I don't know nothin' about birthin' babies Miss Scarlett
Tomorrow is the day my wife is supposed to give birth, so there are a few things I figure I better get in writing.
Mainly, I want to promise each and every one of you that I will not act like this is the first time human reproduction has ever been accomplished. I go where, give or take a few, about 7 billion people have gone before.
A lot of people have been telling me how great this is going to be, and in the long term, Iím sure theyíre right. Itís the short-term Iím worried about. One of the worst developments of the last twenty years or so has been the re-defining of the fatherís role in childbirth.
They had it right in the Fifties. You go to the hospital, kiss your wife goodbye and then spend the next several hours smoking cigarettes and pacing the hall. When the process is finished, the Mrs. has her hair combed and makeup on and the baby is all clean and swaddled. You shake a few hands, give out a few cigars and go home a nice happy family.
Daddy cutting the cord? Iíd just as soon perform my own appendectomy. Iím definitely staying "north of the Equator" for this thing, if you know what I mean.
I still have the heeby-jeebies from Lamaze class. Maybe it was okay in the beginning. I suppose there is some value in learning what a cervix is. But then they showed THE MOVIE. Yeah, you guys who have been there know what Iím talking about. Gawd!
It was one thing when the Lamaze instructor held up her little model of the pelvis and showed how the baby emerges. Itís a whole other thing live from the "crotch-cam." Wailing and weeping and groaning and crying Ė and thatís just the men watching.
These are very graphic movies. Very graphic. That only part thatís not included is a video from the conception. And believe me, itís not like these women are Julia Roberts or anything.
At Lamaze class, the men are referred to as "coaches." Somehow the term doesnít have the same cache as when itís applied to Vince Lombardi or Knute Rockne. Honey, play like a champion today. I wish.
Thereís a lot of discussion in these classes about natural childbirth and what sort of medications are available to women to help them with the pain. I donít have an opinion on what Liz should do Ė thatís her choice. But I want a delivery room with two hospital beds and a steady delivery of morphine for me.
Not that life has been any picnic around here lately. I had to look at about 400 cribs, before we could buy . . . . the first one we looked at.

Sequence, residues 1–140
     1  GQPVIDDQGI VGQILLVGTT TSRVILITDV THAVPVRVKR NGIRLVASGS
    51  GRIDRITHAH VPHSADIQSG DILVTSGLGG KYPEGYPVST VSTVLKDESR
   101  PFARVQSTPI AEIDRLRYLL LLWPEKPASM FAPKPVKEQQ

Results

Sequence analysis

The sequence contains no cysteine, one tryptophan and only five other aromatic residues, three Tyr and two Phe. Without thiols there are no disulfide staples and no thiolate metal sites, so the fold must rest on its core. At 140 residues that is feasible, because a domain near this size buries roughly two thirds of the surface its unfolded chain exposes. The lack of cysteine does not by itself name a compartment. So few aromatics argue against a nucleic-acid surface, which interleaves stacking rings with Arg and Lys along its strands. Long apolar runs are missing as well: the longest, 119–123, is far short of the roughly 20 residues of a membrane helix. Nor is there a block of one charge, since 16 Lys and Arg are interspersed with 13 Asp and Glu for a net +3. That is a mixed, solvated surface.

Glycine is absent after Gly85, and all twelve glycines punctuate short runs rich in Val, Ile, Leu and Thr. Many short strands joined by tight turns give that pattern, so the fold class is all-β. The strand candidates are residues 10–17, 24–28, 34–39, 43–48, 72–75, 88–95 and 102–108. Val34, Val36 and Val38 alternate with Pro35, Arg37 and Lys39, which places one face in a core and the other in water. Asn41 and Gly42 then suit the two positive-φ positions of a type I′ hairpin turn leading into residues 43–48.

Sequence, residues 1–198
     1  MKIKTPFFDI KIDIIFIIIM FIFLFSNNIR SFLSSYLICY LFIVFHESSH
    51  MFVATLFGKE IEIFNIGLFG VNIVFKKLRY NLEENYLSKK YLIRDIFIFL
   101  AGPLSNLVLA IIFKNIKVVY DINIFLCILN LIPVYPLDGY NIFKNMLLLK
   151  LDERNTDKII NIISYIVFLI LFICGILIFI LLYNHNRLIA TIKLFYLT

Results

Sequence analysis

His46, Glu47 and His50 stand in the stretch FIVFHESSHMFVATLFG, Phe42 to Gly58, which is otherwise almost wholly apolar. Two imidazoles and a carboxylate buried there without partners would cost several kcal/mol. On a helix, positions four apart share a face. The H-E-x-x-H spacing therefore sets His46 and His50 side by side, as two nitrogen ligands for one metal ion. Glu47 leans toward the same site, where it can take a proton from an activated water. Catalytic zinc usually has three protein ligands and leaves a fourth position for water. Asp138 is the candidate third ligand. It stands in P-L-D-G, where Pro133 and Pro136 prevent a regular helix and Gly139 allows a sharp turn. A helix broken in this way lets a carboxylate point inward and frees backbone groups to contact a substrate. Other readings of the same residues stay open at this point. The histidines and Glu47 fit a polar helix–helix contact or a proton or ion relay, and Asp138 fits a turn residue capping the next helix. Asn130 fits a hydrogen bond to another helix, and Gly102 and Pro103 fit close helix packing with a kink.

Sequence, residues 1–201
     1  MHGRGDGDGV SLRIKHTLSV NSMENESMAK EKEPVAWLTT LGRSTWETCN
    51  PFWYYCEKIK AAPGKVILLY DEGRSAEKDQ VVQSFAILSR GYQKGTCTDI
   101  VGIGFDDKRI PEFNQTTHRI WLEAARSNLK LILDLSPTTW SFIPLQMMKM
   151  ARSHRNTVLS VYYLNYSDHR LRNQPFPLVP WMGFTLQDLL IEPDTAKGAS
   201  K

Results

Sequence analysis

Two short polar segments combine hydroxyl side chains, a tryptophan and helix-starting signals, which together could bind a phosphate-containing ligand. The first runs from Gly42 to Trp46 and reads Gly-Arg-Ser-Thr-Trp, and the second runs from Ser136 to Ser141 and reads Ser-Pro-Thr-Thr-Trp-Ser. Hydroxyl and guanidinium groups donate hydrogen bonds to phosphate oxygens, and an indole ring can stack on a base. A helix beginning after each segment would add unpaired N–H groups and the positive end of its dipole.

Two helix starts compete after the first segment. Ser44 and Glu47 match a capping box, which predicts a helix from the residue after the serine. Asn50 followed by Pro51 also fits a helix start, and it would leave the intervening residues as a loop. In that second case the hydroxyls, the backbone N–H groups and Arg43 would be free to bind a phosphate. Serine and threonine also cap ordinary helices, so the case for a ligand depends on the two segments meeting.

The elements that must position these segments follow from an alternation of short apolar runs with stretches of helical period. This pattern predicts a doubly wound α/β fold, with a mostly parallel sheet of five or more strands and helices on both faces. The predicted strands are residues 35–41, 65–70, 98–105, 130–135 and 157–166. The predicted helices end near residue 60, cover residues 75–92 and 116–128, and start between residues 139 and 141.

I canít call any of my family members on the telephone, because as soon as they hear my voice they think itís "the call." When they find out it isnít, they really donít want to talk to me.
And Iíve moved more furniture than Mayflower. Not that youíd notice if you came to my house, since EVERYTHING IS BACK WHERE IT WAS IN THE FIRST PLACE. They tell me itís a "nesting" thing. Iíd tangle with a hundred hornetís nests before Iíd mess with the one my wife wants.
Iím too terrified to even think about post-partum.
But rest assured, I will not be sending out pictures of this newborn in our holiday cards after expanding the mailing list to everyone in the phone book. I know that I may feel differently in a few days, but Iím going to try my best to remember that I think the lamp I made in seventh grade shop class is also a work of outstanding craftsmanship. But I donít think you would.
I donít want to get into racial stereotypes here, but white babies arenít attractive. Black ones are cute, and Asian ones usually are. I fully expect this kid to come out looking like a poster child for poster children.
You want a picture? Give me a year or two after the kid has hair on his head and I can dress the little goober up like a cowboy. We can all pose in front of the red wagon. Provided of course, that I get to wear my six-guns as well.
In the meantime, I'm going to do my best to be John Wayne in a place you can bet John Wayne never had to go.
They say the best thing about having children is the opportunity to re-live your own childhood through their eyes. I hope so. Could you tell me that part about the stork again?
December 6, 2000